The Plastic Free July initiative has been running since 2011, and the problem of plastic waste is still an issue in 2022. Too much plastic waste is still being created, despite all of the awareness and the warnings from scientists about climate change. Some headway can be made through conscious consumerism, but really we need to be slowing plastic production down at a systematic level too.
Making the switch to a sustainable plastic free home is important if you can do so. Reducing your personal carbon footprint as an individual does contribute to the flight against climate change. Our buying power does send a message to the big companies to do better, and be more sustainable. However consumer behaviour alone isn’t enough to stop so much wasteful plastic from being produced.
Besides, it’s too easy to place the onus on consumers to be more sustainable in their choices. Not everyone has the time or money to live a completely plastic free zero waste lifestyle. More needs to be done on a bigger scale, and much higher up.
Most virgin plastic is made from fossil fuels or petrochemicals, which is a disaster for the environment and our wildlife. Recycled plastic isn’t the answer to reducing the production drastically as plastic can only be recycled down to an inferior quality for a finite number of times.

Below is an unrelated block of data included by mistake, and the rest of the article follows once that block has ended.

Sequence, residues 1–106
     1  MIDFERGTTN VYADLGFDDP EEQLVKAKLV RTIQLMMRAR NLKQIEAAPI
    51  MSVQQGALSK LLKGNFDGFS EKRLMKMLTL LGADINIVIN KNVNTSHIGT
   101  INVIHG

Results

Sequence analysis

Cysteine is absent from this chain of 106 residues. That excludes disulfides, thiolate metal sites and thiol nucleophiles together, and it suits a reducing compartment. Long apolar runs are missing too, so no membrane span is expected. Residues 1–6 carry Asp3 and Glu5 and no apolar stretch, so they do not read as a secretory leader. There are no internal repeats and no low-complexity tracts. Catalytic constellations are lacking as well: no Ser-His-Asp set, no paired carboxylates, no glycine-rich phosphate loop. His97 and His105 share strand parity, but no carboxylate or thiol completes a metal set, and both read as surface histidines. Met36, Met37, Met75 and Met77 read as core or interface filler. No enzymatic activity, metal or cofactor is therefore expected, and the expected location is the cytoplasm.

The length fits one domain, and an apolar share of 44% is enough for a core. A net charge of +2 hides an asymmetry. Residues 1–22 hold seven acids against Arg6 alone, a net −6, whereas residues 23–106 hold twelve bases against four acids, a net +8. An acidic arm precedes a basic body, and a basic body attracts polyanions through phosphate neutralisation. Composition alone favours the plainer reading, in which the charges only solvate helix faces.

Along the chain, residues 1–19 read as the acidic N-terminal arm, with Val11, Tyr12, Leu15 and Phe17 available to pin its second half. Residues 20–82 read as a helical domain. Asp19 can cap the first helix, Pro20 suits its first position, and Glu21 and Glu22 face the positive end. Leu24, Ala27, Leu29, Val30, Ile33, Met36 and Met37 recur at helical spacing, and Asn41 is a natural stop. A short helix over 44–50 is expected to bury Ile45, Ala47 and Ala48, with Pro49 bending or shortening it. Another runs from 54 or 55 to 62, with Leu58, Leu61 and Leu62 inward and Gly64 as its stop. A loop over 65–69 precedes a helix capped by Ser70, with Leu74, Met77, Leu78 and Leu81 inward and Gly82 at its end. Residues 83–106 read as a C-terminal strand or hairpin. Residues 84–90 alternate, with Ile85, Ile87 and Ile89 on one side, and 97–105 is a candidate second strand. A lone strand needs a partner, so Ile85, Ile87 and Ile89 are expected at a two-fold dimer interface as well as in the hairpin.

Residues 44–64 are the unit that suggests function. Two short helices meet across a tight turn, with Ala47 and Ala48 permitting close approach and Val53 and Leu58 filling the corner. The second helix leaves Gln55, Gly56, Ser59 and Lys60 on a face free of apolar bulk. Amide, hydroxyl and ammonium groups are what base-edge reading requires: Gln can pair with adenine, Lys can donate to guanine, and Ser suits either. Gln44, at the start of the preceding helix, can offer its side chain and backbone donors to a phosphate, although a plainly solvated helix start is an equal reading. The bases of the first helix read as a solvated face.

Thankfully there are some positive actions that you can take this Plastic Free July to make a difference. And the more people who do it, the sooner we can slow down the billions of plastic items being produced. Plastic items that we now know stay on, and pollute, our planet for hundreds of years to come.
1. Firstly, check that you’ve made all of these easy plastic free bathroom swaps
The fact that a lot of food comes packed in plastic is not because that’s what consumers necessarily want. It’s up to fossil fuel companies, the government and the supermarkets that supply us with our food to change the current systems.
However, bathroom swaps are very easy to do. Single use and plastic items used in the bathroom can now be replaced relatively easily by reusable replacements or ones made or packaged with more sustainable materials. Glass and aluminium can be infinitely recycled (unlike plastic) and materials like cotton and bamboo are completely biodegradable in landfill (unlike plastic).
Check whether you’ve swapped these bathroom essentials for zero waste alternatives:
Replace single use make up wipes with these reusable ones
Switch to either a zero waste soap bar or a cleanser in a glass bottle
Swap from an aerosol or plastic roll-on to a natural deodorant in a recyclable aluminium tube
Replace your toothbrush with a bamboo one or use a biodegradable bamboo electric toothbrush head
Change over to plastic free hair care – either a zero waste shampoo bar or refillable shampoo and conditioner
2. Ask questions and leave feedback if you suspect a company of greenwashing
According to Wikipedia, greenwashing is “a form of marketing spin in which green PR and green marketing are deceptively used to persuade the public that an organisation's products, aims and policies are environmentally friendly”.
“Sustainable” has become a buzz word in marketing that is being overused in order to sell more products, and it's not always applicable.